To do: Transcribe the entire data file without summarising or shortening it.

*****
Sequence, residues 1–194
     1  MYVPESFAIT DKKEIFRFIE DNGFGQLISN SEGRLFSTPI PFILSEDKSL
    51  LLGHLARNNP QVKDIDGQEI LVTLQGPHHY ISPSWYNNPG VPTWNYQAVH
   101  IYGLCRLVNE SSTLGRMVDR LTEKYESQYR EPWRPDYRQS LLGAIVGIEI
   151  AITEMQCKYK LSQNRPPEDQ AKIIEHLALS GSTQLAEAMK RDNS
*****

Sequence, residues 1–194
     1  MYVPESFAIT DKKEIFRFIE DNGFGQLISN SEGRLFSTPI PFILSEDKSL
    51  LLGHLARNNP QVKDIDGQEI LVTLQGPHHY ISPSWYNNPG VPTWNYQAVH
   101  IYGLCRLVNE SSTLGRMVDR LTEKYESQYR EPWRPDYRQS LLGAIVGIEI
   151  AITEMQCKYK LSQNRPPEDQ AKIIEHLALS GSTQLAEAMK RDNS